The particular corrective action may vary depending on the particular implementation and the nature of the alarm condition. Exemplary automatic actions include automatically shutting the tool down, aborting the current wafer, suspending subsequent wafers, etc. In suspending subsequent wafers, the equipment interface may preclude processing of wafers having the same operating recipes while allowing processing of other wafers having different recipes (i.e., the recipe requirements for the different recipe may not be affected by the alarm condition). Moreover, the illustrative sensors SISn associated with the process tools 12 l-12 n may obtain a variety of different types of data regarding the process operations of the process tools 12 l-12 n. Such data may include, but is not limited to, pressure, temperature, gas flow rates, time, the location of wafers, the detection of particular chemicals or substances, the thickness of process layers formed during such processes, the planarity of a surface of a process layer, the end or completeness of an etch process, etc. Additionally, such data may be obtained using a variety of known metrology tools, e.g., a pressure gauge, an optical sensor, a temperature gauge, an ellipsometer, a profilometer, a gas flow meter, etc. Thus, the particular corrective action taken, the type of data retrieved by the sensors Sl-Sn and analyzed in the initial fault detection unit 11, as well as the type of instrumentation used to obtain such data, should not be considered a limitation of the present invention unless such limitations are clearly set forth in the appended claims.

An exemplary information exchange and process control framework suitable for use in the manufacturing system 10 is an Advanced Process Control (APC) framework, such as may be implemented using the Catalyst system offered by KLA-Tencor, Inc. The Catalyst system uses Semiconductor Equipment and Materials International (SEMI) Computer Integrated Manufacturing (CIM) Framework compliant system technologies and is based on the Advanced Process Control (APC) Framework. CIM (SEMI E81-0699—Provisional Specification for CIM Framework Domain Architecture) and APC (SEMI E93-0999—Provisional Specification for CIM Framework Advanced Process Control Component) specifications are publicly available from SEMI, which is headquartered in Mountain View, Calf.

Portions of the invention and corresponding detailed description are presented in terms of software, or algorithms and symbolic representations of operations on data bits within a computer memory. These descriptions and representations are the ones by which those of ordinary skill in the art effectively convey the substance of their work to others of ordinary skill in the art. An algorithm, as the term is used here, and as it is used generally, is conceived to be a self-consistent sequence of steps leading to a desired result. The steps are those requiring physical manipulations of physical quantities. Usually, though not necessarily, these quantities take the form of optical, electrical, or magnetic signals capable of being stored, transferred, combined, compared, and otherwise manipulated. It has proven convenient at times, principally for reasons of common usage, to refer to these signals as bits, values, elements, symbols, characters, terms, numbers, or the like.

It should be borne in mind, however, that all of these and similar terms are to be associated with the appropriate physical quantities and are merely convenient labels applied to these quantities. Unless specifically stated otherwise, or as is apparent from the discussion, terms such as “processing” or “computing” or “calculating” or “determining” or “displaying” or the like, refer to the action and processes of a computer system, or similar electronic computing device, that manipulates and transforms data represented as physical, electronic quantities within the computer system's registers and memories into other data similarly represented as physical quantities within the computer system memories or registers or other such information storage, transmission or display devices.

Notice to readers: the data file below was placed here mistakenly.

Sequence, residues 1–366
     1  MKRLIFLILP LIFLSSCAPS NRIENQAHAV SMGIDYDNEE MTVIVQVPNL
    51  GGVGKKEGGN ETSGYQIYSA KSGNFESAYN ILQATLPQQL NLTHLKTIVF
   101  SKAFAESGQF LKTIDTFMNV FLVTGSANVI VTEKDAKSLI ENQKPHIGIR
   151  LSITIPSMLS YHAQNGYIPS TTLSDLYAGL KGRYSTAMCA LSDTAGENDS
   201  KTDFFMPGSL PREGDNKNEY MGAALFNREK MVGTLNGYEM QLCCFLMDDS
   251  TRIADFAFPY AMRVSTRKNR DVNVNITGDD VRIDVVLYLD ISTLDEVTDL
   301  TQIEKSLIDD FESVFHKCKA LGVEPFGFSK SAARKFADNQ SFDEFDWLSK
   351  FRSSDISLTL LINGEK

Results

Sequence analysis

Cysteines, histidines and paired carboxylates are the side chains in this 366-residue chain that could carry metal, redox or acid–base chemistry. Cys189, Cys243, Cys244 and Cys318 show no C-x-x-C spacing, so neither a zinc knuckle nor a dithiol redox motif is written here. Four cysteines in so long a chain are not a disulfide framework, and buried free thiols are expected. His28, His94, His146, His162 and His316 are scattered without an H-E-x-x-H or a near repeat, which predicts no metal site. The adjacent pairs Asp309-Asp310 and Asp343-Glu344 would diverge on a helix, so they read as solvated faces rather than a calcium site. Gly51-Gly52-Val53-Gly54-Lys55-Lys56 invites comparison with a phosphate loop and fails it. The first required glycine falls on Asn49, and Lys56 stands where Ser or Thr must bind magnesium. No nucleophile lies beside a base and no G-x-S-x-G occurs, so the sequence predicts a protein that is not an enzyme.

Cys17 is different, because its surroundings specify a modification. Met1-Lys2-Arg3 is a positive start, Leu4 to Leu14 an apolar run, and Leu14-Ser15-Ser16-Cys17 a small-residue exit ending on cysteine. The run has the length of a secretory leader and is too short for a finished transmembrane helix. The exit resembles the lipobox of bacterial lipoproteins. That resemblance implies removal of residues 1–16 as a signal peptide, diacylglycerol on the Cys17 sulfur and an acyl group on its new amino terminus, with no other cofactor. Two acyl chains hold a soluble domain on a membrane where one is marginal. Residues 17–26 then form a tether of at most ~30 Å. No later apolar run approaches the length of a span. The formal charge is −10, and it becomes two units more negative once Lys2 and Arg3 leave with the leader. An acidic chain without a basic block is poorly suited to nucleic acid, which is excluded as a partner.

The present invention is generally directed to a fault detection control system using dual bus architecture, and methods of using same. In one illustrative embodiment, the system comprises a plurality of process tools, each of the tools adapted to perform at least one process operation on at least one workpiece, at least one sensor that is operatively coupled to each of the process tools and adapted to sense at least one parameter associated with at least one process operation, an initial fault detection unit coupled to an instrument bus, the initial fault detection unit adapted to receive data from at least one sensor on each of the plurality of process tools via the instrument bus, and a primary fault detection unit operatively coupled to a manufacturing execution system and a system bus, the data from the sensors on each of the plurality of process tools being provided to the primary fault detection unit after the data is processed in the initial fault detection unit.

In one illustrative embodiment, a method of identifying faults in a manufacturing system comprises processing a workpiece in a process tool, obtaining data regarding the processing of the workpiece in the process tool via at least one sensor that is operatively coupled to the process tool, providing the data obtained by the at least one sensor to an initial fault detection unit that is adapted to receive the data via an instrument bus, the initial fault detection unit determining if an alarm condition exists, and providing the data to a primary fault detection control unit via a system bus after the data is processed through the initial fault detection unit. In some embodiments, an alarm condition may exist if the data falls outside of a preselected acceptable range or if the data exceeds a preselected value.

The particular embodiments disclosed above are illustrative only, as the invention may be modified and practiced in different but equivalent manners apparent to those skilled in the art having the benefit of the teachings herein. Furthermore, no limitations are intended to the details of construction or design herein shown, other than as described in the claims below. It is therefore evident that the particular embodiments disclosed above may be altered or modified and all such variations are considered within the scope and spirit of the invention. Accordingly, the protection sought herein is as set forth in the claims below.

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Referenced by
Citing PatentFiling datePublication dateApplicantTitle
US7194325 *Feb 7, 2005Mar 20, 2007Samsung Electronics Co., Ltd.System to and method of monitoring condition of process tool
Classifications
U.S. Classification700/121, 700/109
International ClassificationG06F19/00, G05B19/418
Cooperative ClassificationG05B2219/31356, G05B19/41875, G05B2219/32222
European ClassificationG05B19/418Q
Legal Events
DateCodeEventDescription
Jul 21, 2011FPAYFee payment
Year of fee payment: 8
Jun 21, 2007FPAYFee payment
Year of fee payment: 4
Feb 28, 2002ASAssignment
Owner name: ADVANCED MICRO DEVICES, INC., TEXAS
Free format text: ASSIGNMENT OF ASSIGNORS INTEREST;ASSIGNORS:HICKEY, SUSAN;COSS, ELFIDO, JR.;REEL/FRAME:012659/0654
Effective date: 20020227
Owner name: ADVANCED MICRO DEVICES, INC. 5204 E. BEN WHITE BLV
Free format text: ASSIGNMENT OF ASSIGNORS INTEREST;ASSIGNORS:HICKEY, SUSAN /AR;REEL/FRAME:012659/0654